Both of these budget bills had to be signed or vetoed by midnight last night. Without gubernatorial action, the budget bills would have automatically become law.
As there is more work to be done on the remaining three state budgets as the legislative session draws to a close on June 5th, the Governor stressed the need to deliver on his additional education priorities as negotiations over AB400 in Carson City continue.
As reported by The Nevada Independent:
Separately on Wednesday, Assembly Democrats advanced a major Lombardo education omnibus bill, AB400, adding a substantial amendment to the bill and kicking the measure to the full Assembly floor Thursday for “additional discussions,” according to Assembly Speaker Steve Yeager (D-Las Vegas), who added that the latest amendment was not final iteration of the bill.
“I think the conversations with the governor’s office and the Senate Majority Leader have been productive, we’re going to continue to have those conversations throughout the next 12 to 24 hours and see if we can get this to a place that works for everybody,” Yeager said during a committee meeting on the floor of the Assembly.
Notably, that amendment includes the removal of key school choice proposals, including the vast expansion of the state’s Opportunity Scholarship program and the creation of a new Office of School Choice. However, the bill still includes provisions reinstating the state’s Read by Grade 3 program, as well as $140 million in funding for early childhood literacy programs.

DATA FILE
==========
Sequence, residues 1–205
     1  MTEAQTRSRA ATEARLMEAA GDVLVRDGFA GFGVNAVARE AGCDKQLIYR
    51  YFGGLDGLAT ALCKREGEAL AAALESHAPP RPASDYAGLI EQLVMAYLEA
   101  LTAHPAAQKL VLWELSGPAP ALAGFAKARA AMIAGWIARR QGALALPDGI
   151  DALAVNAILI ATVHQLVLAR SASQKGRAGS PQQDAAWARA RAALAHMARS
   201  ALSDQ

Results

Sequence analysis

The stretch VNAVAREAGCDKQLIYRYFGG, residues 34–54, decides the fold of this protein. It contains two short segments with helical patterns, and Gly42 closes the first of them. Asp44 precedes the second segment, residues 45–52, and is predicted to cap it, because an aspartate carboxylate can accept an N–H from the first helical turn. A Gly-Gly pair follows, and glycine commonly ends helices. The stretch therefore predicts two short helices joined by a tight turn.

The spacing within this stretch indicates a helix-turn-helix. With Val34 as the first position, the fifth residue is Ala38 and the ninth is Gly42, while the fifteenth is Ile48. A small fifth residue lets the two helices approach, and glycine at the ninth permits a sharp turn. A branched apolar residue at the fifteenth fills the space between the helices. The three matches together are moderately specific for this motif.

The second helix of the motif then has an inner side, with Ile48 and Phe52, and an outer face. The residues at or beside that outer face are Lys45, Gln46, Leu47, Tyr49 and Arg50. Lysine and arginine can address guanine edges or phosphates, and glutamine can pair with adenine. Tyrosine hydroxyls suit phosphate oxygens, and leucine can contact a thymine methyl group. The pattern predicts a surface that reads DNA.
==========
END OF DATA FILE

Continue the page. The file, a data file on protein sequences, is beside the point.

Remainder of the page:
Nice to visit with Assembly District 9 constituent @markwahlberg in Carson City today. Appreciated his perspective on the film industry and the potential for Las Vegas to be a much larger player in the market. #NVLeg pic.twitter.com/JhHUQF4o3P
— Steve Yeager (@SteveYeagerNV) June 1, 2023
AB400, in part, proposes an increase in Opportunity Scholarship funding from $50 million to $500 million over 10 years and expands eligibility from 300% to 500% of the poverty level which grows access to Opportunity Scholarships to middle class families. The proposal would be funded through tax credits taken against the Insurance Premium Tax and Gaming Tax in addition to the Modified Business Tax.
As tax credits are being debated for Major League Baseball and Hollywood’s expansion into Las Vegas, tax credits for expanding educational opportunities for lower and middle class students have been seemingly stripped from the Governor’s proposals.
Although some of his key school choice proposals have been removed by the Democratic majority, Lombardo expressed optimism in a press release and promised further negotiations. “I’m honored to sign such historic education legislation this evening. Since day one, my administration has been committed to delivering serious school safety reforms and an education budget that empowers Nevada schools, teachers, and students to succeed. I look forward to continuing to deliver on my administration’s top education priorities in the coming days,” he said.